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JPE: PNoy hiding behind his men

SENATOR Juan Ponce Ernile  on Wednesday  attacked President Benigno Aquino III for hiding behind others to shield himself from responsibility for the deaths of 44 police commandos in Mamasapano last year, but the Palace and its allies said he failed to produce new evidence as he promised.

In  Wednesday’s  resumption of the Senate investigation into the Mamasapano massacre, Enrile spelled out Aquino’s eight sins in the ill-fated Operation Exodus in which the Special Action Force commandos were killed by Muslim rebels.

The hearing continues. Senator Juan Ponce Enrile fields questions during the continuation of the hearing on the Mamasapano debacle at the Senate on Wednesday. Lino Santos
Although the record showed that the President “actively and directly” participated in the planning and preparation for the operation, he evaded any responsibility and accountability and used his friend, former Philippine National Police chief Alan Purisima to shield him from blame.

By questioning those involved in the operation before the Senate committee on public order, Enrile concluded that the President had authorized and “compartmented” the operation, keeping knowledge of it only to himself and Purisima; and that he had full knowledge of what was going on during its execution.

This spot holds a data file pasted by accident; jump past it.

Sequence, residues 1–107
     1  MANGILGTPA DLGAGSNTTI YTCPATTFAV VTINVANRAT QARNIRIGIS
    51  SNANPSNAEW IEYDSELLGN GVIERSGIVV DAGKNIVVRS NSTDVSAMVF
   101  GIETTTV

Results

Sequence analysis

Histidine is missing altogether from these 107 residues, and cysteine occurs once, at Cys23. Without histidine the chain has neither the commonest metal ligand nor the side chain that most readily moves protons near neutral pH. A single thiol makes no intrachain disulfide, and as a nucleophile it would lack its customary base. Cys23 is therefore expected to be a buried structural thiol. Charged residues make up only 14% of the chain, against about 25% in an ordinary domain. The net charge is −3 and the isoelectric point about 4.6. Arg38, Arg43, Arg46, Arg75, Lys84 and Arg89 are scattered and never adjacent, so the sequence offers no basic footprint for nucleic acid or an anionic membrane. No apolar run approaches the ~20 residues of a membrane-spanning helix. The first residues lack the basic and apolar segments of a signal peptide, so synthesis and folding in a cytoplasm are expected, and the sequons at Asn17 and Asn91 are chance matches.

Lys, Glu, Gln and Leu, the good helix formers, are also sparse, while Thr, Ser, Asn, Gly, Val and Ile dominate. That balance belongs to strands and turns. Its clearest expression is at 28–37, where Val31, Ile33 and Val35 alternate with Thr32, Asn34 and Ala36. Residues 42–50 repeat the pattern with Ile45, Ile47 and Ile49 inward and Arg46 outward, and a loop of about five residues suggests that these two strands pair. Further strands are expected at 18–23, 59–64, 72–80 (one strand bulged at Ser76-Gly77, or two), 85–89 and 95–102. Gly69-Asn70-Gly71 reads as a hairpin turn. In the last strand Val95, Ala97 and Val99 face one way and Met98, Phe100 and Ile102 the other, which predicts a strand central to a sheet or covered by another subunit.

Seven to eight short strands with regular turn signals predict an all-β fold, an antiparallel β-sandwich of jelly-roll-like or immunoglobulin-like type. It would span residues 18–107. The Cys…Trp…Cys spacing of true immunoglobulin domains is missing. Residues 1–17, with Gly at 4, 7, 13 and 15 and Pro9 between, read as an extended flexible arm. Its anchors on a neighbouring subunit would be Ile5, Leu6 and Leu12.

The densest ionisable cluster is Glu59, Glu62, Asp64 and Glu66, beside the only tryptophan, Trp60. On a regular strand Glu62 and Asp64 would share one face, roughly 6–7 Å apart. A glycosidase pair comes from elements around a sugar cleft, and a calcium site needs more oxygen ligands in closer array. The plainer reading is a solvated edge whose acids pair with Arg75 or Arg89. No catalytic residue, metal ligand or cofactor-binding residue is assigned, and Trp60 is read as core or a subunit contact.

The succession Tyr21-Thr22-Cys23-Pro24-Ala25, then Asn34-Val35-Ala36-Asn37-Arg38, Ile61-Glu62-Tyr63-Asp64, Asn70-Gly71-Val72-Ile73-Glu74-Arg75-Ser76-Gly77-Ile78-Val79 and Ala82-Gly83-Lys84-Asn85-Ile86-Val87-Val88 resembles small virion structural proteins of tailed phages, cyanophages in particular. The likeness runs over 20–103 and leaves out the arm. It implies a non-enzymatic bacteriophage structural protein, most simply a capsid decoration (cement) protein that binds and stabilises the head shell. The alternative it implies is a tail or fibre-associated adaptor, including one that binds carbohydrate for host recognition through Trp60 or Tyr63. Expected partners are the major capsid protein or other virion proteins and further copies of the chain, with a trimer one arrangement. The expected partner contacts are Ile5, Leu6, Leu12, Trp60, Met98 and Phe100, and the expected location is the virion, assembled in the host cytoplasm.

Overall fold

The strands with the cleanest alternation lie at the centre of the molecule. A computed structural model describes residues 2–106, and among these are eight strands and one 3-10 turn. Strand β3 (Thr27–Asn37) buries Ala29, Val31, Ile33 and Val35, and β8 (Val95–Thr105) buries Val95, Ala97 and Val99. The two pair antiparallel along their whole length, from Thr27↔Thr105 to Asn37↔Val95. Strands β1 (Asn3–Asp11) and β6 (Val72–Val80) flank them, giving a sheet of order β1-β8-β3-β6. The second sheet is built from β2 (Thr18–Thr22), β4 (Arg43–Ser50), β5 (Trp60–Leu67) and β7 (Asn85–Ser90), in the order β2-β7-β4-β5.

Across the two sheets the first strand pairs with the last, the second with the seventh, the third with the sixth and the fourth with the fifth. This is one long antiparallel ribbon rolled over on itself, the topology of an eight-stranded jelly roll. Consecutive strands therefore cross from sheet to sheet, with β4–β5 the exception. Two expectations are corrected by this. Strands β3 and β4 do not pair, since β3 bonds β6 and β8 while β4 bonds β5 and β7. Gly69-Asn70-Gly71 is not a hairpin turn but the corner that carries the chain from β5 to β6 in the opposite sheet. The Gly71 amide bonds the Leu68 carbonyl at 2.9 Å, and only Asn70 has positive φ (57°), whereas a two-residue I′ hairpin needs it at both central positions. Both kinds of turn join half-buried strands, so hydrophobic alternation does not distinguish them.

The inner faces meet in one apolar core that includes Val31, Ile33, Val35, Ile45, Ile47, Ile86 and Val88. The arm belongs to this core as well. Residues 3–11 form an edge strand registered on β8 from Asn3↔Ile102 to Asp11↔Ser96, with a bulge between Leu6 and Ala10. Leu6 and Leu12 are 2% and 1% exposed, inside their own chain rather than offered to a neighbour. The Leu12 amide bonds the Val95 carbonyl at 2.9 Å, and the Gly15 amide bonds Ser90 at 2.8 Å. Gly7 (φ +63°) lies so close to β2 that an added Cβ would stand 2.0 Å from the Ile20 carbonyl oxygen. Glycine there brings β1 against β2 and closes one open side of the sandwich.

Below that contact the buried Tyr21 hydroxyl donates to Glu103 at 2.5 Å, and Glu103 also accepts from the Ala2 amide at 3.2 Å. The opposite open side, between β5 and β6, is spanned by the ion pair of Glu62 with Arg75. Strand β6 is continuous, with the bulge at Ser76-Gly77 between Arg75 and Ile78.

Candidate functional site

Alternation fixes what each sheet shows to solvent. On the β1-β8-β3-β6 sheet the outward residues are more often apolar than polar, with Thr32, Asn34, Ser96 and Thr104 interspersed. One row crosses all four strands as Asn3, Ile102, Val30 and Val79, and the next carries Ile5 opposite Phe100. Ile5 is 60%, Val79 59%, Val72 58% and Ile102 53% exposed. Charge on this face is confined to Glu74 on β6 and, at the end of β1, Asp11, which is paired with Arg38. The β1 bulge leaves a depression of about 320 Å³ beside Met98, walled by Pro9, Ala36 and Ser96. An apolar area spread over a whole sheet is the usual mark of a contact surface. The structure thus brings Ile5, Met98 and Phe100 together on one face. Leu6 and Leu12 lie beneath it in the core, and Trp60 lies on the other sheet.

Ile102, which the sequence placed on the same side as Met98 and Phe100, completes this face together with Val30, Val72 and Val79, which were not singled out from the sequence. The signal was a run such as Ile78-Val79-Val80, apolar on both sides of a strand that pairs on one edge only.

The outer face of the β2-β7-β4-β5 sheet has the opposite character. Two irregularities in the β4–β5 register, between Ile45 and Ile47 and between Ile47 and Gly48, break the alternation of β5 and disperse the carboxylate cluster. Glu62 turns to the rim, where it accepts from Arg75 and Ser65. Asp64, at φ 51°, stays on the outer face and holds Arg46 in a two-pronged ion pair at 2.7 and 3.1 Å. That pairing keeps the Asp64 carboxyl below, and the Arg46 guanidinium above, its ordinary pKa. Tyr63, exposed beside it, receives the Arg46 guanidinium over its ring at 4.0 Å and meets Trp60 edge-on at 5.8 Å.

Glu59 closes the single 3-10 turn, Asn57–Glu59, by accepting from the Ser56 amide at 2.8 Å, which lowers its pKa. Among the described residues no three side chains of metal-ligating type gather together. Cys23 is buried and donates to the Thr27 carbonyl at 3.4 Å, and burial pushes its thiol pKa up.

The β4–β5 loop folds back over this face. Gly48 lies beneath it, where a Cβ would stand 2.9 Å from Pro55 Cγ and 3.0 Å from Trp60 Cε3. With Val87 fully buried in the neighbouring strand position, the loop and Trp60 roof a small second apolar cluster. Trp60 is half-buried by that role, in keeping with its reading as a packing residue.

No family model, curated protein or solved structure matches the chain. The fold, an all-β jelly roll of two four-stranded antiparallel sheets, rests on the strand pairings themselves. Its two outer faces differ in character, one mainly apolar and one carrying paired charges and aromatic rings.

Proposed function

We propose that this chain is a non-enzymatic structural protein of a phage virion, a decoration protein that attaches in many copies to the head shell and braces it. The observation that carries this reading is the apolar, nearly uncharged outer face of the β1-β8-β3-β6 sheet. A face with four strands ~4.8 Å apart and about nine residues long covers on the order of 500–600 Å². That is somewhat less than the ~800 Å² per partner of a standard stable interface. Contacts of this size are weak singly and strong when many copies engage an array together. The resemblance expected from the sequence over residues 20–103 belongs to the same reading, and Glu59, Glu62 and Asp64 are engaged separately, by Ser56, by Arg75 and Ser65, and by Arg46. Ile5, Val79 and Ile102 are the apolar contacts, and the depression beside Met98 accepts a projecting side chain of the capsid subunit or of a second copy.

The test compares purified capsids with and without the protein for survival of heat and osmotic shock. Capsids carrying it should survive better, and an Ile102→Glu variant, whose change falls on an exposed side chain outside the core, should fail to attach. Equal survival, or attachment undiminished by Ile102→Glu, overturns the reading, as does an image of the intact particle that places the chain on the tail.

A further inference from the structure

Enrile said he also “wantonly” disregarded the command systems of the PNP and the Armed Forces of the Philippines by dealing with Purisima, who at the time was not an active part of the command system because he was suspended on corruption charges.

Finally, he said, President Aquino failed to issue any order or take any effective action as President of the republic “to prevent the barbaric slaying and slaughter of the PNP-SAF troopers.”

As proof of the President’s direct hand in Oplan Exodus, Enrile cited a briefing that Purisima and then SAF commander Getulio Napeñas gave Aquino in Bahay Pangarap on Jan. 9, 2015.

At one point in the hearing, Enrile read back text messages that the President had sent to Purisima, noting that he was more interested in the body of the terrorist Marwan and the fate of the other targets of the operation than in the safety of the police commandos. In fact, he said, none of the text messages Aquino sent asked about the men, Enrile said.

Enrile also expressed doubts over Purisima’s claim that the briefing was held merely to keep the President informed, and noted that it was Aquino who had suggested the SAF devote more commandos to the operation.